Department of Anthropology, University of Montana
Thursday Afternoon, 301E
This study investigates geographic and temporal patterns in craniofacial morphology across pre- and post-contact sites associated with the Arikara in the Middle Missouri region of South Dakota. Specifically three-dimensional coordinate data observed on 27 cranial landmarks were used to test for microevolutionary changes in cranial shape and size. Geometric morphometric methods were employed for initial analyses of the coordinate data and to identify morphological variation among the samples. Regression and matrix correlation analyses were used to statistically assess variation within a geographic and temporal framework that integrates updated chronological and archaeological classifications of these sites.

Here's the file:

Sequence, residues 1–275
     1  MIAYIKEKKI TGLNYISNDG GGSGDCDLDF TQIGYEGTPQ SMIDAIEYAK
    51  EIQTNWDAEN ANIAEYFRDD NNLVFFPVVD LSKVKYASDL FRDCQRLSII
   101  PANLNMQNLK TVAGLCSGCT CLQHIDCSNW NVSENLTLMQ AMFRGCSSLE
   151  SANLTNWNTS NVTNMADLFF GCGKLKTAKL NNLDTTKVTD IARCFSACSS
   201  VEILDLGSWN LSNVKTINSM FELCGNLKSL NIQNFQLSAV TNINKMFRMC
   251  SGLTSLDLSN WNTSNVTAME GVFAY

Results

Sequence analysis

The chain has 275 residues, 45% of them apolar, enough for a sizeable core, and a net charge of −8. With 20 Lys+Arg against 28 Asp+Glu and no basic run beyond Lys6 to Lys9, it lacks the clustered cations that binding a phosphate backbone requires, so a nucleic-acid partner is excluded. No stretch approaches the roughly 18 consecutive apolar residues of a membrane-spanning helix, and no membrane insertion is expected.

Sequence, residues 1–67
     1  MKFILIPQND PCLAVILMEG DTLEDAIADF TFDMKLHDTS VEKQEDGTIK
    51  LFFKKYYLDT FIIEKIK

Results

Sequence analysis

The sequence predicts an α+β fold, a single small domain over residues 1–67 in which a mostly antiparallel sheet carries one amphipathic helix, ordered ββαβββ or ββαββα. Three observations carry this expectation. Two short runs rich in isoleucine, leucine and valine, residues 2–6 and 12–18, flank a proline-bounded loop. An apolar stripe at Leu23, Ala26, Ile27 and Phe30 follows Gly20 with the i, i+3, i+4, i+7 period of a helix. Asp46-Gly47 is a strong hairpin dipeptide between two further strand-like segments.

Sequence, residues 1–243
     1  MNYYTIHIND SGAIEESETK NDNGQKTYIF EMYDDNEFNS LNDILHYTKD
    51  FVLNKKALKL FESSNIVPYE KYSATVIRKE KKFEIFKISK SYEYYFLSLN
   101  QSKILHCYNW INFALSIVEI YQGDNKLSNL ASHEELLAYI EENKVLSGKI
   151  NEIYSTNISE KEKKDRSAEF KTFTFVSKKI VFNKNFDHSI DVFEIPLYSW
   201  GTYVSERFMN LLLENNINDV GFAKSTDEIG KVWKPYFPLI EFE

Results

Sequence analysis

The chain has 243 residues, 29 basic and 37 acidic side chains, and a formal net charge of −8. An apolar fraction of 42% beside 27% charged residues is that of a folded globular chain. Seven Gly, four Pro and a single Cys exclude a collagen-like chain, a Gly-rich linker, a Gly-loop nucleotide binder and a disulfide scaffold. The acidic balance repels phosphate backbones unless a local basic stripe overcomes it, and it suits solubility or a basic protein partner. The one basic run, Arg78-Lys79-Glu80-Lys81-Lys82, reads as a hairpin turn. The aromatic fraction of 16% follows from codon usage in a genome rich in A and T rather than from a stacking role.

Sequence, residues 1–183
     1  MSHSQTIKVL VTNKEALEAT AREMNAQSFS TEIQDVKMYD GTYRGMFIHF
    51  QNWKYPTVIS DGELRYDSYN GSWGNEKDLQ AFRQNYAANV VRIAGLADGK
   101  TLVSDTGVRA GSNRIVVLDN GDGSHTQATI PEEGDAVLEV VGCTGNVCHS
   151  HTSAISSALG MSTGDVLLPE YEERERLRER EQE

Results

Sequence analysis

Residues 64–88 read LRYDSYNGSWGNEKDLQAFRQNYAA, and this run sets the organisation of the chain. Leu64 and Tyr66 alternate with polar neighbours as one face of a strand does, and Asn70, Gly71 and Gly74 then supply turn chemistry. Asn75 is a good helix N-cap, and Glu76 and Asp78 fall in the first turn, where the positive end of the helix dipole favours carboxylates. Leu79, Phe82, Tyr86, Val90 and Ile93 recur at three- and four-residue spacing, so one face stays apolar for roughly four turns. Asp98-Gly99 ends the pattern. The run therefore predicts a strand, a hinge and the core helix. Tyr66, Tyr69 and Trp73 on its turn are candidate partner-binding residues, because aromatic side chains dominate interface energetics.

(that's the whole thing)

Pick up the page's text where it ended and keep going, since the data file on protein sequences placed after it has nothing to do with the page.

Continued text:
After a Procrustes fitting of the raw coordinates that effectively partitions the shape and size components, both were employed in traditional statistical analyses. Results indicate that craniofacial morphological variation is patterned by geography and time with significant differences present in facial height and cranial vault height and length. Morphological similarity is associated with both geographic and temporal proximity and conforms to a model of isolation by geographic distance.
This research draws on the pioneering work of Richard L. Jantz, seeking to answer some of the same questions he originally posed over 40 years ago and has continued to address since. Employing new data and modern statistical approaches, this study highlights some of his important contributions to the field of biological anthropology.